[12] A selection of realizations for CR 2062 is summarized in Figure 2. These maps show solar wind speed at 30RS as a function of longitude (x axis) and latitude (y axis). The panel titles summarize the parameters that were modified. In particular, we (1) used magnetograms from GONG, MDI, MWO, SOLIS, and WSO; and (2) constructed solutions using both our MHD coronal model (MAS) and the WSA/PFSS model. These two models represent more than just different numerical approaches. In addition to different assumptions, such as the existence of a source surface, they incorporate two distinct ideas for the origin of the solar wind [Riley and Luhmann, 2012] and so produce different values of the bulk solar wind speed at the inner boundary of the heliospheric model. The solutions are, at least superficially, similar: fast solar wind at high latitudes and slower wind organized about the heliomagnetic equator. Beyond this, however, there are some notable differences. First, the structure of the band of slow wind differs dramatically from one model to another. The WSA solutions, for example, do not tend to produce slow-flow arcs that split from the main slow-flow band and then rejoin. In fact, they predict the opposite: wind that is faster than that predicted from deep within polar coronal holes. These regions are associated with pseudo (or unipolar) streamers, and one of the distinguishing features between the two ideas for the origin of the slow solar wind is whether plasma from these locations is fast [Wang et al., 2007] or slow [Riley and Luhmann, 2012].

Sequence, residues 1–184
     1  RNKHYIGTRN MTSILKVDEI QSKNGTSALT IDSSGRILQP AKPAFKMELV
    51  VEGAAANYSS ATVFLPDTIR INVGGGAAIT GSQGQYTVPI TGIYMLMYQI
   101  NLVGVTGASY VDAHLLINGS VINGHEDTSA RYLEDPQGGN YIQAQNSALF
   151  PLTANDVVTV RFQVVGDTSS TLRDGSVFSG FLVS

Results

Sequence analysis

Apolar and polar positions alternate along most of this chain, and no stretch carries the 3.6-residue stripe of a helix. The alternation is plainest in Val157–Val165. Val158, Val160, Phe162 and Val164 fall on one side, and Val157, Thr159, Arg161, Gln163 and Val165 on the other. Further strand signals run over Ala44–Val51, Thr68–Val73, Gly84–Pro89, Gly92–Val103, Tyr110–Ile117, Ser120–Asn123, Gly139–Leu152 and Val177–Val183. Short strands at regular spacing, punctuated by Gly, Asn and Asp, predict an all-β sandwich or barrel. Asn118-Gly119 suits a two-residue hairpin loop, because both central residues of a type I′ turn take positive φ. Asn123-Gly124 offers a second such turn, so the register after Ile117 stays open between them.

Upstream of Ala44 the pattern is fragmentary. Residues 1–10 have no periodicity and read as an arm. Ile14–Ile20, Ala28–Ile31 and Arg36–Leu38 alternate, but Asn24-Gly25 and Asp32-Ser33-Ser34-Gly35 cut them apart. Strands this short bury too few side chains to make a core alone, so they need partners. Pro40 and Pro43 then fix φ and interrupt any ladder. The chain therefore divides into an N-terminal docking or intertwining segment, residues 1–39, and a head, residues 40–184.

Figure 2.

A subset of realizations computed for CR 2062 are shown as a function of longitude (x axis) and latitude (y axis). For each solution, either the input magnetogram (GONG, MDI, MWO, SOLIS, or WSO) or the coronal model (MAS or WSA) was varied.

[13] Given these solutions, and with no a priori information about which is better or worse, we can estimate the variance between them and thus infer where the model solutions agree and disagree [Epstein, 1969]. Figure 3 summarizes the standard deviation (s.d., i.e., the square root of the variance) for CR 2062, using the realizations shown in Figure 2. The ensemble mean is also overlaid, but its interpretation is more difficult here and we defer a discussion of it until later. This presentation of the s.d. emphasizes several interesting points. First, away from the “band of solar wind variability,” all realizations predict fast, quiescent solar wind, in agreement with Ulysses polar observations [e.g., Riley et al., 1997] and the corresponding s.d. is effectively zero. Second, near the equator, the models agree best in an “island” extending from 60° to 240°, which traces the locus of the heliospheric current sheet (not shown). Third, the realizations disagree the most between ∼ 130° and 180° longitude at mid-southern heliographic latitudes. This maps back to the location of a pseudo streamer (Figure 2). Fourth, the degree to which the models differ is substantial: In many regions where near-Earth spacecraft would sample, the s.d. is of the order of ∼ 100 km s  − 1.

Figure 3.

The ensemble mean (red contours) and standard deviation (color contours) for the realizations shown in Figure 2 as a function of Carrington longitude and heliographic latitude. The tick marks on each contour show the direction of decreasing speed.